Griffith, wearing an all-black singlet with no school logo, scored a takedown in the opening period off a merkle. The third-seeded Wentzel escaped to cut the deficit to 2-1 after one. In the second period, Wentzel evened the score with another escape. With the score tied at 2-2, Griffith chose neutral to start the third period. He converted a takedown with just over a minute remaining and then picked up late nearfall points to win by five. After Griffith’s win, the crowd began chanting “Bring back Stanford!” He becomes the school’s second national champion ever and first since Matt Gentry won a title in 2014.
“We all had goals coming into the season before this pandemic and the [school’s] decision came out,” said Griffith. “Its a little fuel to the tank, just try to prove them wrong.”
Griffith said the fight remains to keep the Stanford wrestling program.
“Just keep fighting the fight,” said Griffith. “Whether it’s a weeklong battle, yearlong … 10 years … who knows … I know we’re going to keep fighting the fight.
“There is nothing more that we are trying to do than to keep this program at Stanford. The way things are rolling right now I think we have a good shot.”
Iowa State’s David Carr added to the Carr family legacy by claiming his first NCAA title at 157 pounds, 40 years after his father Nate won his first NCAA title as a Cyclone. Carr shut out Rider’s Jesse Dellavecchia 4-0 in the championship match. The match was scoreless after the first period. In the second period, Carr escaped to go up 1-0 before getting a takedown off a double leg to build his led to 3-0. Dellavecchia chose the down position to start the third period and was ridden out the entire period, giving Carr an additional point for riding time.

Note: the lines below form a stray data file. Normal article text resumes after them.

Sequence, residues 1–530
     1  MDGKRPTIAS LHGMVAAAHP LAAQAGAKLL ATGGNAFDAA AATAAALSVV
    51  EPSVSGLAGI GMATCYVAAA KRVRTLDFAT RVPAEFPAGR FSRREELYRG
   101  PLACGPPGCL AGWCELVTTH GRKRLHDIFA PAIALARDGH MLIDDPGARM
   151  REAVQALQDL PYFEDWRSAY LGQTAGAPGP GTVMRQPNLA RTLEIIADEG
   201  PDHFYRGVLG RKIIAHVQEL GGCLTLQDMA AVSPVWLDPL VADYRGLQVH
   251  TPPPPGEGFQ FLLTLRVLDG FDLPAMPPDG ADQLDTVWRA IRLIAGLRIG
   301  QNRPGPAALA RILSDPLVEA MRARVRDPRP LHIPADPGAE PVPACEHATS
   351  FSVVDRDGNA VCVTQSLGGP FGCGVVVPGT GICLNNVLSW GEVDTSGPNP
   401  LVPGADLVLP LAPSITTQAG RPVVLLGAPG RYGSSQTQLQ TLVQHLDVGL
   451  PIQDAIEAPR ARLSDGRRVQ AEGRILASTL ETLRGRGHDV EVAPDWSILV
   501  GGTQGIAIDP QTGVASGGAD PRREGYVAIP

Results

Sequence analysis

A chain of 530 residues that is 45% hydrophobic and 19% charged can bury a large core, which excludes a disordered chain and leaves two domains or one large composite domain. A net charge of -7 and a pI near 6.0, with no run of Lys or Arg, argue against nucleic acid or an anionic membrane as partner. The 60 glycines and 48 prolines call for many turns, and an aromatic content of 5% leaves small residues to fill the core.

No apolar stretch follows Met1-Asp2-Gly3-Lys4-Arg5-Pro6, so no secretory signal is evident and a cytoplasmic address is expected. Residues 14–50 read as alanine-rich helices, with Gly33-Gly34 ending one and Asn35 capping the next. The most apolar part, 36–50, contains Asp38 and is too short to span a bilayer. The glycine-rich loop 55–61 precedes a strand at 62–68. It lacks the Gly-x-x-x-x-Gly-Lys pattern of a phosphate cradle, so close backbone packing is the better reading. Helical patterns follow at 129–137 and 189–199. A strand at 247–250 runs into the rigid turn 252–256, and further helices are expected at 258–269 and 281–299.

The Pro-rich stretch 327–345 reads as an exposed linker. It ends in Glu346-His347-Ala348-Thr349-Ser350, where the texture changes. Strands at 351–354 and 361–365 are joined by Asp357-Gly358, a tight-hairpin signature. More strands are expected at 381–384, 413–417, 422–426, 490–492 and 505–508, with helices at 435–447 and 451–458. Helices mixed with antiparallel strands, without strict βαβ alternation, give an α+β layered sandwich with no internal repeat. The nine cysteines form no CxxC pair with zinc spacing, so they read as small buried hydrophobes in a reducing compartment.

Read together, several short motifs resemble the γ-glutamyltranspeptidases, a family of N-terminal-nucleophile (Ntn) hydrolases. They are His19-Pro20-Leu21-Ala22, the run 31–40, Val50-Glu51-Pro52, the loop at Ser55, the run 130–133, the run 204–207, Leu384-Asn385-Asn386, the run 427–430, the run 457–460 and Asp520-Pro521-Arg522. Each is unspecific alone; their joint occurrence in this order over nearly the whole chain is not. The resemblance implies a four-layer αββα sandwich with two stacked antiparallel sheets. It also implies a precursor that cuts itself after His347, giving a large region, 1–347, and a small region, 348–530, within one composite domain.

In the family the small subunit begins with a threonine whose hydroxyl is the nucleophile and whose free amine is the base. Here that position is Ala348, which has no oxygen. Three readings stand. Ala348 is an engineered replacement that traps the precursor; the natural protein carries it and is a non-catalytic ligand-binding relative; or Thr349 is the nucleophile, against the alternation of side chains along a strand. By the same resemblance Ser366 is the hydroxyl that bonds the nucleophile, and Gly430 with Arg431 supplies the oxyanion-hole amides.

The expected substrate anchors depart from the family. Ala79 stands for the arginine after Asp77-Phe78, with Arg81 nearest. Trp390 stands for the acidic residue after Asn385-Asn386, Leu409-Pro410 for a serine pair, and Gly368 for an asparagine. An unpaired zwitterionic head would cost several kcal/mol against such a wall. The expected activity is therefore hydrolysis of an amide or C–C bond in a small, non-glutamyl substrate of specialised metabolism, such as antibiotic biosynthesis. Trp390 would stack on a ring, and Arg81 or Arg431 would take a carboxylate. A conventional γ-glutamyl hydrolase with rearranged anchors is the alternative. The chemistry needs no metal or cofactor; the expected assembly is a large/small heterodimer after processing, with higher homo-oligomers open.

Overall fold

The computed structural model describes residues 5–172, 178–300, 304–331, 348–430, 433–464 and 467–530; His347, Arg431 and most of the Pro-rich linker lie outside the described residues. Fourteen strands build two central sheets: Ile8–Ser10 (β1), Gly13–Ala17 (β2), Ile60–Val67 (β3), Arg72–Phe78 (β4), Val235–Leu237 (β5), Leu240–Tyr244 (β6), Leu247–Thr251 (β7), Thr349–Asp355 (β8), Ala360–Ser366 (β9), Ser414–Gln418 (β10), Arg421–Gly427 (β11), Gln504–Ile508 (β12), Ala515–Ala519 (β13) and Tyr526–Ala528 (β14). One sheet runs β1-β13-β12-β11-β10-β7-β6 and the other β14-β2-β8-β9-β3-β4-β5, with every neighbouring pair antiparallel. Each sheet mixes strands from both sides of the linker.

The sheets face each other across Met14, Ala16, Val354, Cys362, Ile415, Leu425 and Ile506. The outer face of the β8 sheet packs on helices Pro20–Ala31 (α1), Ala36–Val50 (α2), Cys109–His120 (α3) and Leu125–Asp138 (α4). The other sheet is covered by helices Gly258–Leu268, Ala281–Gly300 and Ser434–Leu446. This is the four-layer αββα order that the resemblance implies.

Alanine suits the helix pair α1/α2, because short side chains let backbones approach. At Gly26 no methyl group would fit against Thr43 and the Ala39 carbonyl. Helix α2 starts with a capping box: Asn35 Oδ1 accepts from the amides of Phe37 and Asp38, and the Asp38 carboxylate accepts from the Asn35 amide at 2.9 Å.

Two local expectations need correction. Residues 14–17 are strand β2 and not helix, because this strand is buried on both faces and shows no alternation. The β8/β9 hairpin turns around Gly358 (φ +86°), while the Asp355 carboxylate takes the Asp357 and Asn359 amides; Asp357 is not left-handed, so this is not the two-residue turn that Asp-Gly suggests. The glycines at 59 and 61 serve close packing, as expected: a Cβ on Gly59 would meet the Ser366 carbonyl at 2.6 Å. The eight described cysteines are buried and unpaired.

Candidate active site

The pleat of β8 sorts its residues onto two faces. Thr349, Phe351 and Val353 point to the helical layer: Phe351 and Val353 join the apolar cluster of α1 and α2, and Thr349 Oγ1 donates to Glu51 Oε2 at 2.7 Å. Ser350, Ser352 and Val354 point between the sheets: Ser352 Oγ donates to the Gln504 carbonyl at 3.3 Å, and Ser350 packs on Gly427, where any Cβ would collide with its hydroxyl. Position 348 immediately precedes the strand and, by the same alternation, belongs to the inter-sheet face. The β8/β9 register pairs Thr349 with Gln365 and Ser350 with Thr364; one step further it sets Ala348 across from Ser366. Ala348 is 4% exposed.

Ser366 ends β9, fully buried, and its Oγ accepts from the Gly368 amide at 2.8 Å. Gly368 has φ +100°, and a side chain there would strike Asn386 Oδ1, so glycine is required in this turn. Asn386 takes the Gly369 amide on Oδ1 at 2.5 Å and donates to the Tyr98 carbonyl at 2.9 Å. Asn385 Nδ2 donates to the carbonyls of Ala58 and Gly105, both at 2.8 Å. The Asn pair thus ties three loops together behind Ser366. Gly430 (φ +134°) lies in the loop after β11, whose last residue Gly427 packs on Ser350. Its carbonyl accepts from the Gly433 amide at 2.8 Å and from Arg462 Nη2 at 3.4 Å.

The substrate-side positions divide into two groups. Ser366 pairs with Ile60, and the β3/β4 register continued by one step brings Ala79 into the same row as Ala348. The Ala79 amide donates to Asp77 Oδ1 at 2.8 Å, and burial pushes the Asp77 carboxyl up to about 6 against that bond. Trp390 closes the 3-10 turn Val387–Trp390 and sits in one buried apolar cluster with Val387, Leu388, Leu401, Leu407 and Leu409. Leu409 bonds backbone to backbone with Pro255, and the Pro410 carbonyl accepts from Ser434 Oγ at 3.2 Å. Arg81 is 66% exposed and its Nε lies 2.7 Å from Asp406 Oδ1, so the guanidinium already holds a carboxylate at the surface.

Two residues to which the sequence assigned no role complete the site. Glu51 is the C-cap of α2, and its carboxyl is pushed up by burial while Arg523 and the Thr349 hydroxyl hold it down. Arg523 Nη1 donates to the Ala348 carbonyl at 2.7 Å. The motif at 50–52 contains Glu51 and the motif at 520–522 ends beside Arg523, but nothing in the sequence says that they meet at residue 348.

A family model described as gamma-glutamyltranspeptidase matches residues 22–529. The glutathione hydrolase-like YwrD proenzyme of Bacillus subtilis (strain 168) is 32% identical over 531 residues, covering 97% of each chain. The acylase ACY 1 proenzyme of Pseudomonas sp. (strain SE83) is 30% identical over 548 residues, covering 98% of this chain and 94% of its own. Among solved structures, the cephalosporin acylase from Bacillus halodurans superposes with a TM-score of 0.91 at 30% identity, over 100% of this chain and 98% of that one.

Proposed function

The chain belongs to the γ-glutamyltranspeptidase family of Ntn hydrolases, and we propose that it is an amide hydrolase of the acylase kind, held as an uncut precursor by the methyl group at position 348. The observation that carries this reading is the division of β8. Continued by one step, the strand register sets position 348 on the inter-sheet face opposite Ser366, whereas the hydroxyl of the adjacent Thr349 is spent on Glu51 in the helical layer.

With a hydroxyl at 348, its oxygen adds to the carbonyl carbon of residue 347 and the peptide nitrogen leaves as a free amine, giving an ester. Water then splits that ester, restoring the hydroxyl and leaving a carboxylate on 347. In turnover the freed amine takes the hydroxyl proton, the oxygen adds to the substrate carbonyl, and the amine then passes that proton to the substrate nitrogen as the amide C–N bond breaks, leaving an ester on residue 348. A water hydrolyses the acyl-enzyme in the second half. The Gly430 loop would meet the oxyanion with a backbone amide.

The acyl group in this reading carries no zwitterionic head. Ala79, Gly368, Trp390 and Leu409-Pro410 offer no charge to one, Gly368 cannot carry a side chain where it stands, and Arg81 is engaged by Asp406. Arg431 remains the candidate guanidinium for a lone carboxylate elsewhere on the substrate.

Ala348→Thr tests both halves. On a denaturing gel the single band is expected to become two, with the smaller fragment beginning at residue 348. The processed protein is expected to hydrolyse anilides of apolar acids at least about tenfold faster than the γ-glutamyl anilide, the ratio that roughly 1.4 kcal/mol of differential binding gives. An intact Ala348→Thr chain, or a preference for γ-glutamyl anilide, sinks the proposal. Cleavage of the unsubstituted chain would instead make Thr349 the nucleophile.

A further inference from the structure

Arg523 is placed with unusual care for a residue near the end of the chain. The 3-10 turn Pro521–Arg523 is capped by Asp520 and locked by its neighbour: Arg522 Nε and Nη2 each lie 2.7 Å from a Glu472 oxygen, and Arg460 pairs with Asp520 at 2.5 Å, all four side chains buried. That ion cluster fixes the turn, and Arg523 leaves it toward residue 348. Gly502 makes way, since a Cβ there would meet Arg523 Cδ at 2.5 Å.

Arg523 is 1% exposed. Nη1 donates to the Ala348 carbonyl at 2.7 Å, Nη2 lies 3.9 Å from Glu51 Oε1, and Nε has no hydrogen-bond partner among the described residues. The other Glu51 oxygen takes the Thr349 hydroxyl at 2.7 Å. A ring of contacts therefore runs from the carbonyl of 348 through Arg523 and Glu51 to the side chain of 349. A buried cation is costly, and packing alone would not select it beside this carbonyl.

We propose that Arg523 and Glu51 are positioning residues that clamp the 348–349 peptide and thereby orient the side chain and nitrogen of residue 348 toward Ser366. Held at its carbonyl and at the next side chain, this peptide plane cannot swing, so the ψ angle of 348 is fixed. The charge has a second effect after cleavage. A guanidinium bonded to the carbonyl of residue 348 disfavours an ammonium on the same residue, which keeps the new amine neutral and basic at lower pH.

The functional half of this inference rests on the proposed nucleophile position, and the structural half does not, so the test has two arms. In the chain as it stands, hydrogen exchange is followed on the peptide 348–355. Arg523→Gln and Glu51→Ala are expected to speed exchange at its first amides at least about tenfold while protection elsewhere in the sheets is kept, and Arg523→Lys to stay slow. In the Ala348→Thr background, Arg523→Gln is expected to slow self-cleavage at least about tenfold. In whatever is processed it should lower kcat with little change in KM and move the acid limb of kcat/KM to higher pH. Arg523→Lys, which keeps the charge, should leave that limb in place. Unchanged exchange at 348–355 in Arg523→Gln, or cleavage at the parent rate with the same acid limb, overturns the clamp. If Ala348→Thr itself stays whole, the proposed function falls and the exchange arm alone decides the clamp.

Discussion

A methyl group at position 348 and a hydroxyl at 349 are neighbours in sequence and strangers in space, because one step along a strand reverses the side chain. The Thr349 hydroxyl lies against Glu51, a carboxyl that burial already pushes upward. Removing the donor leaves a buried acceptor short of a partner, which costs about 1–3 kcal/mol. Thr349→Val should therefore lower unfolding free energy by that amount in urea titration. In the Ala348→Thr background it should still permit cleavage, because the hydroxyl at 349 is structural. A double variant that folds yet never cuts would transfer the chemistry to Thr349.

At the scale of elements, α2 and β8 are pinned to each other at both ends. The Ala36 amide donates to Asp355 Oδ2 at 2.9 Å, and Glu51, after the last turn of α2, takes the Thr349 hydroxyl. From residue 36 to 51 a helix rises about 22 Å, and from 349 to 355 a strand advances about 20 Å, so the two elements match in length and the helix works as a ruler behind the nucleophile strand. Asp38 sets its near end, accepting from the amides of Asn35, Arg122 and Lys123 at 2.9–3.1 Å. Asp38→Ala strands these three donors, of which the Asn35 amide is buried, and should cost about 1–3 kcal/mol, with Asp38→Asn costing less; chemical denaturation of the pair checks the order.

A.J. Ferrari became only third true freshman for Oklahoma State to win a national title and first since Pat Smith in 1990. He defeated Pitt’s Nino Bonaccorsi 4-2 in the finals at 197 pounds.
The ultra-confident Ferrari picked up a takedown less than a minute into the first period. Bonaccorsi escaped to make it 2-1 after the first period. Ferrari rode Bonaccorsi for most of the second period before the Pitt wrestled escaped to even the score at 2-2. Ferrari retook the lead in the third period with an escape and added a riding time point to win by two.
“I thank God for allowing me to show my gifts, allow me to do it in this manner and have this platform to show it off,” said Ferrari.
Oklahoma State head coach John Smith had high praise for his freshman standout.
“He’s a young guy who has a lot of spirit about himself and he just won an NCAA championship,” said Smith, who guided the Cowboys to a third-place finish in St. Louis. “He talks a big game and he shows a big game.”